(CN) – Disgraced cyclist Lance Armstrong must face claims that he defrauded the U.S. government by using performance-enhancing drugs, a federal judge ruled.
Armstrong, 42, was stripped of his seven Tour de France wins and faces a lifetime ban from the sport after the U.S. Anti-Doping Agency released a “reasoned decision” in 2012 that accused him of running the most sophisticated doping program in sports history.
The Austin, Texas, native later admitted to many of the allegations in a January 2013 interview with television personality Oprah Winfrey.
Later that year, the federal government joined a lawsuit that Floyd Landis had filed in 2010 against Armstrong, who was lead rider on their professional cycling team, which the U.S. Postal Service sponsored from 1996 through 2004.
The Postal Service allegedly paid $42 million in sponsorship fees during six of Armstrong’s consecutive Tour wins.
Landis claimed that former team manager Johan Bruyneel, whom he also named as a defendant, knew team members were using the banned drugs and that Armstrong and his management company, Tailwind Sports, among others knowingly flouted the Postal Service sponsorship agreements signed in 1995 and 2000.
A failed drug test cost Landis his 2006 Tour de France win as well, and he was banned from the sport for two years.
U.S. District Judge Robert Wilkins in Washington, D.C., refused Thursday to toss allegations that Armstrong knowingly made a false statement, in violation of the False Claims Act, to conceal an obligation to pay the federal government money.
“The government’s and [Landis’] complaints are rife with allegations that Armstrong had knowledge of the doping, and that he made false statements to conceal the doping and the attendant obligation which would have resulted if the government had known of the doping,” the 81-page ruling states. “The court therefore denies the motion to dismiss the reverse false claims count against Armstrong.”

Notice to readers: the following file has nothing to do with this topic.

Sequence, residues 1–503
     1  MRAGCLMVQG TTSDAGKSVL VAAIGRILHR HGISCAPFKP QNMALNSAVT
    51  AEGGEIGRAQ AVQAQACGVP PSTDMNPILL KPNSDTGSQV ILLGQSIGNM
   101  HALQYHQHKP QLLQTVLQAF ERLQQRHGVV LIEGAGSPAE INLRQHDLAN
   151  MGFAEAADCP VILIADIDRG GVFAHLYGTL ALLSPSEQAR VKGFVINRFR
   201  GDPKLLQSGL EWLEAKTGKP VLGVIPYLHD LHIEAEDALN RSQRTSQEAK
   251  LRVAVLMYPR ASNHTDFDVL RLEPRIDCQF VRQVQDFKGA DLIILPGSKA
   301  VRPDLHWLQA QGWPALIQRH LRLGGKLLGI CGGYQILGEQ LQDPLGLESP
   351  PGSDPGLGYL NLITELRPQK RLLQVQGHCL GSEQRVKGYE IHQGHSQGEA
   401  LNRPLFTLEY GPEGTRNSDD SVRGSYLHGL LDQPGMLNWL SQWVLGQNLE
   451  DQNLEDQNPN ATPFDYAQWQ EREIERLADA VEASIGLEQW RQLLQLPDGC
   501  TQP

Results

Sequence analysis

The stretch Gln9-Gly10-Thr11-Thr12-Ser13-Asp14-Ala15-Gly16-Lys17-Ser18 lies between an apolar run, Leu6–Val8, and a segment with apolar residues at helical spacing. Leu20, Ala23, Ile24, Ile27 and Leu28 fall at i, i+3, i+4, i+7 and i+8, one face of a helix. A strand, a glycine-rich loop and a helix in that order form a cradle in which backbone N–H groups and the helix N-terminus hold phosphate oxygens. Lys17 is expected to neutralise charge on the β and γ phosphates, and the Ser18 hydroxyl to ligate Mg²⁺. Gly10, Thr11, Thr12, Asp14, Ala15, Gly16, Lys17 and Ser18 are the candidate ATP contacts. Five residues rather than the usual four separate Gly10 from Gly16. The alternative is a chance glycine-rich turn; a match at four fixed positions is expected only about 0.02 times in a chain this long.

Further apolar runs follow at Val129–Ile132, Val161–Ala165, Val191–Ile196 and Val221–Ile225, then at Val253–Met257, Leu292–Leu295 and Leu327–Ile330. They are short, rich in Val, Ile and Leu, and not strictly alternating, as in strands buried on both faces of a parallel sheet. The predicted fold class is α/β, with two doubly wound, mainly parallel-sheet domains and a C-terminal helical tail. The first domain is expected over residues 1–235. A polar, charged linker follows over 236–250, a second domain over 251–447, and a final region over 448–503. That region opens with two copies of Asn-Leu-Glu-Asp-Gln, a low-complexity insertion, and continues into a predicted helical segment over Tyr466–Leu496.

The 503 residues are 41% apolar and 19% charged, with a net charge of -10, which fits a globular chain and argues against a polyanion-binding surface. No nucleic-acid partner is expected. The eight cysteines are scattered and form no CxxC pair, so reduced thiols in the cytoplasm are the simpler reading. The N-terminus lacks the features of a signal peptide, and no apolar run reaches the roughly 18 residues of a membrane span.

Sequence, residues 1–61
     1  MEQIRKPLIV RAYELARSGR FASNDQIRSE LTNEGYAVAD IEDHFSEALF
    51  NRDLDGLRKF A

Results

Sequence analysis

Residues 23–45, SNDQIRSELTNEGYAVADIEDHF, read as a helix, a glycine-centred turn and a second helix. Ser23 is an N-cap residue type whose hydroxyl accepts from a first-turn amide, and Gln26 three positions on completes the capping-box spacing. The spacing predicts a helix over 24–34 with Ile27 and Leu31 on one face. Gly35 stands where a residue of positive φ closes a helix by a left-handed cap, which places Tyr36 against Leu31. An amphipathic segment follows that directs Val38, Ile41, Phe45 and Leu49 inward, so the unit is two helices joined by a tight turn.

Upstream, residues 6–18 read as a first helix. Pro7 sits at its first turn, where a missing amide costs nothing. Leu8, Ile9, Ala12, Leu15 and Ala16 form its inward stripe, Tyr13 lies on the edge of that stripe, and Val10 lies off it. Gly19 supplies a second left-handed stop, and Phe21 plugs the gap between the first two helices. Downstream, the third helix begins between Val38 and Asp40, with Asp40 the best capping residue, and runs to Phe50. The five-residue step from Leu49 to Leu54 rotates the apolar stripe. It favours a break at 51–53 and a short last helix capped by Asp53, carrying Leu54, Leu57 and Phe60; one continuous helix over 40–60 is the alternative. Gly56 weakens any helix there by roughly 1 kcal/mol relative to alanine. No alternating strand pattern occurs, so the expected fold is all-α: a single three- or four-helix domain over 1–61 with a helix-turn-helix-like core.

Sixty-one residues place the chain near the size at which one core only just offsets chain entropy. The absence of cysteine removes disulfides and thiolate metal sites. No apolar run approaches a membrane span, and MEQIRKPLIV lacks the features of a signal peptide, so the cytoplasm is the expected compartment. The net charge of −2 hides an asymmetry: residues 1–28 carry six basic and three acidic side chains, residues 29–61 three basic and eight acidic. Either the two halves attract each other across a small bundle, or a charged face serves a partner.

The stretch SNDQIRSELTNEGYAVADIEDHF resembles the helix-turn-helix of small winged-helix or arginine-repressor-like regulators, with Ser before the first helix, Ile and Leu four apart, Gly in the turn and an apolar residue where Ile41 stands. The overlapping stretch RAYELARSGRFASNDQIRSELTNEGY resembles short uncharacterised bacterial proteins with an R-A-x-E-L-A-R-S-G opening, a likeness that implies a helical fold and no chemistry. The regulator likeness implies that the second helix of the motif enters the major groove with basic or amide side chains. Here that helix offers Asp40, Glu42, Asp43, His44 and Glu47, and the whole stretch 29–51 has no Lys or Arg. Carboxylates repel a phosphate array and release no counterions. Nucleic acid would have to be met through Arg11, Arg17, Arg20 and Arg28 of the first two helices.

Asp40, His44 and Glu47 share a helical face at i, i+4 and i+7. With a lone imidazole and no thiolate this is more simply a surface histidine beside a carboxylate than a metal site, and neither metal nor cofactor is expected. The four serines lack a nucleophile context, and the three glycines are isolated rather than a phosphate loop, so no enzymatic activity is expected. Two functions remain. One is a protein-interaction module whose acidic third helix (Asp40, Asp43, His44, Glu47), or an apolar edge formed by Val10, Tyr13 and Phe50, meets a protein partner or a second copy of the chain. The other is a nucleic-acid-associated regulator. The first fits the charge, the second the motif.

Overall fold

Wilkins did, however, nix conspiracy and other claims against Thom Weisel, a California-based financier who owned the U.S. Postal Service cycling team.
Landis “failed to allege that Mr. Weisel ’caused’ to be made or used a false record or statement material to a false or fraudulent claim,” Wilkins wrote. “Furthermore, there are insufficient allegations that Weisel had knowledge of the doping, and without such knowledge, he could not have had knowledge of any obligation to repay the government or have a purpose to conceal, avoid or decrease any such obligation.”
Armstrong’s attorney, Robert Luskin with Patton Boggs in Washington, has not responded to a request for comment.
Armstrong still faces a lawsuit in Texas state court over $12 million on Tour win bonuses that a Dallas sports insurer paid him. Though SCA Promotions had initially refused to pay Armstrong a bonus for his 2003 Tour win based on its suspicions that he was doping, it ultimately settled for $12 million when Armstrong sued it and vehemently denied cheating in later sworn depositions.
Armstrong’s subsequent admissions of doping led SCA to file suit to demand its money back. Armstrong was deposed in the case on June 12.
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